How The USDA Grades Your Steak!

How The USDA Grades Your Steak!

Posted on December 26th, 2018 by Sterling Green

If you’re planning on serving a roast, cooking up some steaks, or making meatloaf, you might want to better understand all of the (sometimes confusing) meat choices.

Our friends at Steak University shared this article about the USDA’s Grading System and it’s standard for all things beef, from ribeye to New York strip.

To make sure you’re getting the best steak possible, it’s important that you understand how the USDA’s system works. With this guide, you’ll learn about the different grades of beef, including Prime, Choice, and Select. You’ll also learn what the USDA looks for when judging cattle, and why marbling and age are so important to quality cuts.



What To Look For And Why

When purchasing steaks, always look for the USDA shield.

The US Department of Agriculture inspects cattle and assigns a grade based on the quality of the beef. The top grade is “Prime,” which is typically served in fine restaurants. The fat marbling in the meat, which specifically comes from “young, well-fed beef cattle,” is a key reason Prime steak tastes so much better. A notch down is “Choice,” commonly found in supermarkets and less fine restaurants. Below that is “Select,” typically leaner, which usually means less juicy and flavorful.


USDA Beef Grades

The USDA has eight grades for beef, But you should always look for the three Upper Cuts: Prime, Choice, and Select

  • USDA PRIME is reserved for the best cuts of beef. Just 2% of steaks get labelled USDA Prime. Steaks of this grade are quickly bought by five-star restaurants and upscale wholesalers. Because of this, Prime steaks are rarely found in supermarkets or grocery stores. Prime cuts are sourced from younger steers, and are abundant in marbling and reddish-pink in color. They are the most tender, juicy, and flavorful steaks on the market.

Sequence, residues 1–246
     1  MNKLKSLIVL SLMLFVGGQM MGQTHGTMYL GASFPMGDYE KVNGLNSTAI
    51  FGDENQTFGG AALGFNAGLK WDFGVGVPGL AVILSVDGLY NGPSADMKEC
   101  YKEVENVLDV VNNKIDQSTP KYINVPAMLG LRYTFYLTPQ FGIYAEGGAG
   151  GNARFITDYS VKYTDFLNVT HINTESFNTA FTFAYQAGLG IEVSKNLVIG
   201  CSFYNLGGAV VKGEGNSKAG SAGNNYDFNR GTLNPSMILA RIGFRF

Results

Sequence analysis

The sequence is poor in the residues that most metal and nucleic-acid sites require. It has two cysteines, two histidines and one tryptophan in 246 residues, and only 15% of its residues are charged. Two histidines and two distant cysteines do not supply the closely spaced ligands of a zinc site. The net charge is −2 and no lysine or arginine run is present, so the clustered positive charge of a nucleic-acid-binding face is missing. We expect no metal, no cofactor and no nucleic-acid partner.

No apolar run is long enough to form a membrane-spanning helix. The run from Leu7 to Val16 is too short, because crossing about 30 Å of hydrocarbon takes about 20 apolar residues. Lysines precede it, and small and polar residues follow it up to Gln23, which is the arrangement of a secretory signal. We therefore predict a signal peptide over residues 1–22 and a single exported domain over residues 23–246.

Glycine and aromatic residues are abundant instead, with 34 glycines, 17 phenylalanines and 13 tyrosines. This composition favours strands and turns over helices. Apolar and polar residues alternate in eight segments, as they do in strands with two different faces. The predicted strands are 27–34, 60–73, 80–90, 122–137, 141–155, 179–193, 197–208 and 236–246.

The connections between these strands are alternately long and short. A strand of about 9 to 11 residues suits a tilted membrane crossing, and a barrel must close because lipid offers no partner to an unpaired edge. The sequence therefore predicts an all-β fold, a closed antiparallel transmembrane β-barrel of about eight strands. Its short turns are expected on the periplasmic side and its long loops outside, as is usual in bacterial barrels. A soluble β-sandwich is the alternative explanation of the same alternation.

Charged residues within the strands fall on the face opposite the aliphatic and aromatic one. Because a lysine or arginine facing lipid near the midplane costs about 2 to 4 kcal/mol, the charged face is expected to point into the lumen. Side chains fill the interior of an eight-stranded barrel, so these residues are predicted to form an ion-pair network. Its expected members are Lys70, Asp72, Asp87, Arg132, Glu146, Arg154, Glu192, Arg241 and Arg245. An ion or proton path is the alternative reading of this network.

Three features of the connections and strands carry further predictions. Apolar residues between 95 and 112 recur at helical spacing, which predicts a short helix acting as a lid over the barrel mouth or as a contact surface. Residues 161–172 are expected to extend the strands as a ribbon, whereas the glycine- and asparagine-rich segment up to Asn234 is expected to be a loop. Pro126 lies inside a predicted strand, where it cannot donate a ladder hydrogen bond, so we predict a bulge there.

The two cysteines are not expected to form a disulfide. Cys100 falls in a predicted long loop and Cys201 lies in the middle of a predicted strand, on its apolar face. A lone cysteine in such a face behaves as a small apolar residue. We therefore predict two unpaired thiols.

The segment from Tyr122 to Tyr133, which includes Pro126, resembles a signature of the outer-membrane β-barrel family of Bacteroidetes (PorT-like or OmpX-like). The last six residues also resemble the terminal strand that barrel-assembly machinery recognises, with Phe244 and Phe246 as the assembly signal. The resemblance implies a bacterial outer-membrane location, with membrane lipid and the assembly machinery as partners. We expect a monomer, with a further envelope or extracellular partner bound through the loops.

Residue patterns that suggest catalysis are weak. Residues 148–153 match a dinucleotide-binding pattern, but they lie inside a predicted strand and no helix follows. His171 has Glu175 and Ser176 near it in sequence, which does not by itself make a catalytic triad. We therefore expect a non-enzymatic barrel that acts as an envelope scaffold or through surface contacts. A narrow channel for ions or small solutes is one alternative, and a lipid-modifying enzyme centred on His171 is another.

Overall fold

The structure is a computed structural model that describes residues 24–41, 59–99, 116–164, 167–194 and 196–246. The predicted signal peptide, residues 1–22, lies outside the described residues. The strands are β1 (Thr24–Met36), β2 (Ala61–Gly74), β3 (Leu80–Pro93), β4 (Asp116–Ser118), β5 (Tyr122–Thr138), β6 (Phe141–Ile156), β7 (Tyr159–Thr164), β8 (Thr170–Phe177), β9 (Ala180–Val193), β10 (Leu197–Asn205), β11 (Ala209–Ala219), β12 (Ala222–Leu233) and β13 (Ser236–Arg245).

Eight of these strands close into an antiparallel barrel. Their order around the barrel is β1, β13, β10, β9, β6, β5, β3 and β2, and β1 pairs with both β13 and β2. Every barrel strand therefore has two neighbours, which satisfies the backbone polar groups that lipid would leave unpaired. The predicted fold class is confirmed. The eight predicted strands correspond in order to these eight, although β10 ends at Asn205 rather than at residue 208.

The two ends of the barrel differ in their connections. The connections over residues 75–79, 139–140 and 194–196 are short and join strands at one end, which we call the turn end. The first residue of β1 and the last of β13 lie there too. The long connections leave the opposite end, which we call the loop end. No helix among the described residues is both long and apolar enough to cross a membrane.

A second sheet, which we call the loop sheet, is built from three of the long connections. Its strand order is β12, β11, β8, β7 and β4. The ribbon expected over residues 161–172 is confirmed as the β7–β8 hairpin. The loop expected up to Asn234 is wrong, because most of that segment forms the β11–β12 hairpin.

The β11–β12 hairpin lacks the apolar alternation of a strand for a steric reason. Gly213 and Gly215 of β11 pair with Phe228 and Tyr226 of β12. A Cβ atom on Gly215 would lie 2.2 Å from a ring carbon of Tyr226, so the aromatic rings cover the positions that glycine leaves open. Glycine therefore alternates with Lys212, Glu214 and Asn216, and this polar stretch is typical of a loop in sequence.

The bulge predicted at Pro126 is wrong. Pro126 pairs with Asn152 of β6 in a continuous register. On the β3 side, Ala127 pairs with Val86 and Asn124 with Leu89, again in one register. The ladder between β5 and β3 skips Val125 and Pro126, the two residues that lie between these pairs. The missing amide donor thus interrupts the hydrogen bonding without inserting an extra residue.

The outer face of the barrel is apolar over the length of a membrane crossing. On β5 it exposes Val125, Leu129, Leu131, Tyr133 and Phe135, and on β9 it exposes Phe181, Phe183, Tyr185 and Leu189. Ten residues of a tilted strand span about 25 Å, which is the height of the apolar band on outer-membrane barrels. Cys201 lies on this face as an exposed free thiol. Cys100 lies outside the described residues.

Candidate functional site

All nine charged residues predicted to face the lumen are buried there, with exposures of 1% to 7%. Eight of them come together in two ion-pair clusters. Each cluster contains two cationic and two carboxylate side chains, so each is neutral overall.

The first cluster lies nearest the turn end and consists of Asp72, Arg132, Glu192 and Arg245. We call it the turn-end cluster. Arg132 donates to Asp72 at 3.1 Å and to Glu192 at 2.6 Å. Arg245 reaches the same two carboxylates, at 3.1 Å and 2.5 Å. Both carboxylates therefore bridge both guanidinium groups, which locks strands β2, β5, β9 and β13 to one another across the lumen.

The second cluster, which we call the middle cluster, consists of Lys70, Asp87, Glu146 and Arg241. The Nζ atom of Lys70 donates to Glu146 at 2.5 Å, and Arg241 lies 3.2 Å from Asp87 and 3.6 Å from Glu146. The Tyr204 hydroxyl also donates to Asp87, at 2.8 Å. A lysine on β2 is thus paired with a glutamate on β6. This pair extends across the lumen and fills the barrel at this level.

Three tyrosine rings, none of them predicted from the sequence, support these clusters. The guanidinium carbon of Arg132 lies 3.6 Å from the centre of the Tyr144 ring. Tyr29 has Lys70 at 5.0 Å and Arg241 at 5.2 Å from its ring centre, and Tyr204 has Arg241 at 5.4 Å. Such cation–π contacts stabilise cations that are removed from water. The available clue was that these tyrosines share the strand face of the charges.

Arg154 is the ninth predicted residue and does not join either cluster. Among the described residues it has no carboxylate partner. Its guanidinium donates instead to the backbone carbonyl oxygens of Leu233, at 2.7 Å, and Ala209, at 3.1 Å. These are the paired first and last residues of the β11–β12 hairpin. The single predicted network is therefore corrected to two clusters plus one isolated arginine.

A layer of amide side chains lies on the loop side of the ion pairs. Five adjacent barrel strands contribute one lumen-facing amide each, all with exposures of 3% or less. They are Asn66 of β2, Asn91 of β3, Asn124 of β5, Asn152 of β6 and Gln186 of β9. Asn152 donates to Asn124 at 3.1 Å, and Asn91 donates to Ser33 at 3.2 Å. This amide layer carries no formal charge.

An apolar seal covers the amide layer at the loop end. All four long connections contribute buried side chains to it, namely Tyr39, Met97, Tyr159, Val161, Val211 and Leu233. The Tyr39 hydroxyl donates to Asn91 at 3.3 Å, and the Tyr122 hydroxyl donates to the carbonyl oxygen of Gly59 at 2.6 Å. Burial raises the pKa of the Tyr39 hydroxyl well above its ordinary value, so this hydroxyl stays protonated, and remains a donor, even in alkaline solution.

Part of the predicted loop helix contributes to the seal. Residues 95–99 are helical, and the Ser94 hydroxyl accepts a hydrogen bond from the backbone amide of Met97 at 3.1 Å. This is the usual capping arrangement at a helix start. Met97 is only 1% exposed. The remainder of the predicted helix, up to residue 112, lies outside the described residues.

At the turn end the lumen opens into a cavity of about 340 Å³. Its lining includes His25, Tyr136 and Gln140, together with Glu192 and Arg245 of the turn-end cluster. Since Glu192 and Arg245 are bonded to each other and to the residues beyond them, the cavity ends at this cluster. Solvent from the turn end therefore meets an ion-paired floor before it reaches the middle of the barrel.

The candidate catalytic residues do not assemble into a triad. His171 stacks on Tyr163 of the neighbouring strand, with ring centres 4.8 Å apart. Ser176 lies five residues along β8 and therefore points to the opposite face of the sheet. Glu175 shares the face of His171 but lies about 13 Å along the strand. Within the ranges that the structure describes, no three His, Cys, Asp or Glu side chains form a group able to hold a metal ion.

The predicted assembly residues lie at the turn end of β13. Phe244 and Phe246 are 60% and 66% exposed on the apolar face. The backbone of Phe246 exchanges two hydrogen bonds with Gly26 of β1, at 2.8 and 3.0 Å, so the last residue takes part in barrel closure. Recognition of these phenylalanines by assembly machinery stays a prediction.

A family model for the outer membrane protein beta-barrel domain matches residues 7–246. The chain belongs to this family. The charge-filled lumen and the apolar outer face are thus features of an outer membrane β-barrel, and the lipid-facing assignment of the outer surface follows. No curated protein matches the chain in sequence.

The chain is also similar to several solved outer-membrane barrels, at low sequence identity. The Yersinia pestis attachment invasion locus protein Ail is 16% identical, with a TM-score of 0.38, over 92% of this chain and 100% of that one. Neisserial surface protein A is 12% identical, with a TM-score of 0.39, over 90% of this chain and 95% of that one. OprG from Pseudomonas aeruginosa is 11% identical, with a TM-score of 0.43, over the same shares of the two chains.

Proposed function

• USDA CHOICE is the step below Prime. USDA Choice cuts are available in most grocery stores and medium-priced restaurants. A Choice steak often has the same reddish-pink color of a Prime cut, but lacks the same level of marbling. The amount of marbling found in Choice cuts can vary widely. It is wise to inspect a Choice steak to see how much marbling it contains. Depending on the cut, a Choice steak may require slower cooking or a marinade to bring out its tenderness and flavor.
  • USDA SELECT steaks sit at the lower end of the quality cuts. Because of the low level of marbling found in Select cuts, they usually require marinating. Salt-rich or acidic sauces/marinades can also help tenderize Select steaks, as salt and acids soften and help to break down tougher tissues. Select steaks also benefit from longer cooking times at lower temperatures.


Grading Criteria: What Makes A Great Steak

USDA grades are based on what makes a steak as tender, juicy, and flavorful as possible. There are two main criteria that help graders determine which cattle produce the best beef.

Marbling, also known as “intra-muscular fat,” is the most prized feature in steaks. Marbling is characterized by thin streaks of fat between muscle tissue. When cooked, the fat melts. This gives the meat unparalleled tenderness and a rich, buttery flavor.

Age is another important factor in steak quality. Younger steaks are more tender and flavorful than older cuts of meat. Because of this, most Prime and Choice steaks come from steers 1 to 3 years in age. Steak age is usually determined by the color of the meat, as steaks turn a deeper, darker color as they age.

Now that you know how to find the best steaks, it’s time to put knowledge to practice. With a firm grasp of the USDA grading system, you’ll be able to find high-quality cuts and

Blog, Meat | December 26th, 2018